What you read here are my confessions from this past year. Each of them is an area where I blew it but then made a mid-course correction along the way.

Click here or on the above image to download the PDF.

Risk – our way of life

Risk is our friend. Little happens that is worthwhile that doesn’t involve taking a significant chance – one that might end in failure.

How often do you take a risk? Every time I bring up the topic of risk it seems almost everyone thinks they are big risk takers. Everyone? Really? If that were so the world would be a different place. I’m not talking about an itsy bitsy non-dangerous one that is hardly worth mentioning, but a big and hairy – something that needs to be spelled with a capital “R”?

You say you want to change the world… Maybe you pray that. Maybe you read books that explain how we can change the world. The word “missional” is all the rage these days which is another way to explain how we can change the world, but how many missional people are actually getting dirt under their fingernails in order to change the world versus just reading more books and thinking great thoughts about changing the world. How many actually smell like windshield washing liquid because they have been out squeegeeing cars?

We must work while it is light for darkness is coming when no one can work.

Do the work

It’s all about doing the work, not talking about the work.

Leaders aren’t leaders until they lead.

Writers aren’t writers until they write.

Worship leaders are so until they bring others into worship.

Evangelists are only evangelists when they evangelize. Connect with the Lost.

Don’t just talk. Do the work. Start today.

“Evangelism” or “Missional”

I am officially skeptical of the term “missional” at this point in the game. I have heard and read a pile of material on mission this and mission that, but have seen precious few practical results. I am fairly convinced that most of those who write under the rubric “missional” are confessing that they know little of practical outreach. The word is mostly a theory in spite of its promise to stimulate an outward focus.
It can become an end in itself to study and discuss the attributes of outreach while never getting around to actual outreach. It has become faddish to talk missional but not actually do missional. On the other hand, the term “evangelism” is in your face and practical. It may be more of an old-fashioned term but everyone knows that it is activational. There is no doubt that when one uses the “E” word one is talking about actually doing something. Call me crazy, but I suggest we drop the “M” word in favor of the tried and true “E” word.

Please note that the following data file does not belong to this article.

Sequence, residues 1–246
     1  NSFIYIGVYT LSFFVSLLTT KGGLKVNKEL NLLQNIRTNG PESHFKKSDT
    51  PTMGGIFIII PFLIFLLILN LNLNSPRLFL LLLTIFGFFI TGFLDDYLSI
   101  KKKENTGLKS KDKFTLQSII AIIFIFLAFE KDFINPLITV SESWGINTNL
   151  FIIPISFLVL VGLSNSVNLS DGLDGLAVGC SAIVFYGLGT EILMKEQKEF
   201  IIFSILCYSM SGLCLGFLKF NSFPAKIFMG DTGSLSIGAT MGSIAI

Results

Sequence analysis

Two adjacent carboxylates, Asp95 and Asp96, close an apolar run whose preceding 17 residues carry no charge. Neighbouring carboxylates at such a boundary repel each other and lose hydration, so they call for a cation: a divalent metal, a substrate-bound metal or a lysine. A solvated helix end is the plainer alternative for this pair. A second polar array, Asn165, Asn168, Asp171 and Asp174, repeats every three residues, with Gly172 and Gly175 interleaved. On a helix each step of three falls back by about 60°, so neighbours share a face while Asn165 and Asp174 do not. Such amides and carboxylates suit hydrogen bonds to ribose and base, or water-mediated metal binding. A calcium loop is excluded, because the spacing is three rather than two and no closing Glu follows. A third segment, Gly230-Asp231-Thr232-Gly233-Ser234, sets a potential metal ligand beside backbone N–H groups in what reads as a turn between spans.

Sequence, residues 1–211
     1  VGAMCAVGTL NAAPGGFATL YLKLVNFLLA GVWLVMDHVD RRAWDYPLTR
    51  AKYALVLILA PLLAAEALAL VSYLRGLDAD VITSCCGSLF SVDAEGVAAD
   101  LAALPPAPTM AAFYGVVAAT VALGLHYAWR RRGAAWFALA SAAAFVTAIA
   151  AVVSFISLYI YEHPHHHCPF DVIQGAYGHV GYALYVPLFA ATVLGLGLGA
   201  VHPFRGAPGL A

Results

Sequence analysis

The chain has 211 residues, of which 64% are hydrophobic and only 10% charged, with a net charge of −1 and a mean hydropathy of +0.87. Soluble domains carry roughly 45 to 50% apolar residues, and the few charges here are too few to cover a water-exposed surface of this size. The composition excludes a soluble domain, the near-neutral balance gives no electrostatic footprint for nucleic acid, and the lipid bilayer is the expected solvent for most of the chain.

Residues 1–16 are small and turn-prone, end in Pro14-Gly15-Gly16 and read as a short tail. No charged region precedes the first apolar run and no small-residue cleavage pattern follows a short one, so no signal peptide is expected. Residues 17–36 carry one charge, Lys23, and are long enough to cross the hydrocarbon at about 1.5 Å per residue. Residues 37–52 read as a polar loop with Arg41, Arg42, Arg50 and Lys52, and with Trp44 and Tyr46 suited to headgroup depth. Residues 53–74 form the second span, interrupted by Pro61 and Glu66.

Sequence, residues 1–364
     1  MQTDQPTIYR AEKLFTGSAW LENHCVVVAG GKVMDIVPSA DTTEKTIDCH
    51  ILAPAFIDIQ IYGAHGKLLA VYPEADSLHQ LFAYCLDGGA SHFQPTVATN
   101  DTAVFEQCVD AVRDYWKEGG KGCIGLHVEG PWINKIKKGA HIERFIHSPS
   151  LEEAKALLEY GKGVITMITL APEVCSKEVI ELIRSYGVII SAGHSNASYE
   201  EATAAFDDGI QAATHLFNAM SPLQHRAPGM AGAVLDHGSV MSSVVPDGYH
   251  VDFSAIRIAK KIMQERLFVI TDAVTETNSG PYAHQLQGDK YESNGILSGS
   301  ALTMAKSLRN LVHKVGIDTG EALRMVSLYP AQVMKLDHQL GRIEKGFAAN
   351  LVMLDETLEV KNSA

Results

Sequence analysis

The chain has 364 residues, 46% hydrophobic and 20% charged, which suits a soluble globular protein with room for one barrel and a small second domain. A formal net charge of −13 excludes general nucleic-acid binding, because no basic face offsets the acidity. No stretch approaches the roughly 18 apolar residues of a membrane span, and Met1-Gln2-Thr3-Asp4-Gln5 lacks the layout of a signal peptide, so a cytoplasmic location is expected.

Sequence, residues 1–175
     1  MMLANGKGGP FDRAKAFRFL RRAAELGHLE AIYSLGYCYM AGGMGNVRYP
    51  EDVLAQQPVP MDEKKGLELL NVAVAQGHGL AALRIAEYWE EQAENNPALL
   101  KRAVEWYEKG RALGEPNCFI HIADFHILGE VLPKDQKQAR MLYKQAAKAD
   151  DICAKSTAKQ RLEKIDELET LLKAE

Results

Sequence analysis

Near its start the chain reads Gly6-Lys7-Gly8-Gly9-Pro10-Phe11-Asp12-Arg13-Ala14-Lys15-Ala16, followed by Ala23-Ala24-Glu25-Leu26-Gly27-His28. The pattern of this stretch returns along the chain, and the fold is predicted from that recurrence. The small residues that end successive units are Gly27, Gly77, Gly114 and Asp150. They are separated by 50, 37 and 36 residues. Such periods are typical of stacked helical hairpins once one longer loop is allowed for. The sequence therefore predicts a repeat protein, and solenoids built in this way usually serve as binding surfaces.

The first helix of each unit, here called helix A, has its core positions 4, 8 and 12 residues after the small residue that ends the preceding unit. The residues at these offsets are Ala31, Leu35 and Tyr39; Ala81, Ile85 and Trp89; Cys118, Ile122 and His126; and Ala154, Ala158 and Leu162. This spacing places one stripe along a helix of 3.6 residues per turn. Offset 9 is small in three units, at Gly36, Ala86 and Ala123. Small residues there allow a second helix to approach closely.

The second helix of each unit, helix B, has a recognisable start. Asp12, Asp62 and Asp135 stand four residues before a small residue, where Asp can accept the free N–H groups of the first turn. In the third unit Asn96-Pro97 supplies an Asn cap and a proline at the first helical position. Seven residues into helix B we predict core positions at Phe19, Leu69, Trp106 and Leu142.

The Ideal Sized Congregation? Try 500!

Great churches come in a variety of sizes, very large ones, medium-sized ones and smaller ones.
It is a mistake to read the above points, to agree with them, and then to discount the vital role mega churches play in the strategy of God for reaching the world. God has in mind to use mega churches in great ways in our day. Above all else I believe he wants to redeem these churches to do great works of evangelism across America. Done rightly such churches can serve as catalysts for the greater community they find themselves in so that churches of all sizes can gain confidence for evangelism.

An equally disastrous mistake would be to arrogantly discount the above points as irrelevant rants.

I believe the most efficient church size is…500.
I stated this conclusion several years ago in a book based on the numerous observations made in that book (Making A Good Church Great, Regal, 2010). I am more convinced now than ever that my original hunch was correct.
Ponder this: it would be more productive to produce 10 life-giving churches of 500 in weekend attendance than in building one mega church of 5,000.
I believe there is ample evidence to make the point that the per capita level of spiritual vitality is usually greater at a medium-sized church versus a single mega one. The individual Believer will likely evidence greater fruit of discipleship in medium sized churches than in mega ones.

Mega church pastors are called by God to accomplish great things.
I don’t wish anything ominous upon the shoulders of my mega church brethren, yet it is a fact that to whom much is given much is required. Those who lead very large congregations will stand before God in the not too distant future to give an account of the way they acted as stewards of the provision of God in their time as the leader of an immense congregation with immense resources.

How did I do as a teacher? Did I boldly and lovingly present to my people the uncompromising truth of the Gospel?
How did I do as a model? Did I show my people the life of Jesus through my life?
Did we do the work of evangelism? Did we consistently, profoundly seek to
bring our city to Jesus?
Were the poor shown an abundance of the mercy of God?

Such questions put the fear of the Lord in me. With this burden of responsibility in mind I don’t miss a day of my time of leading a mega church. I pray mercy upon you if you are a pastor in a congregation of this sort.

If you are a pastor in another size congregation you have it easier in many ways. Pray for mega church pastors near you. I hope you will mutually stir up the “love and good deeds” Scripture calls us to walk in.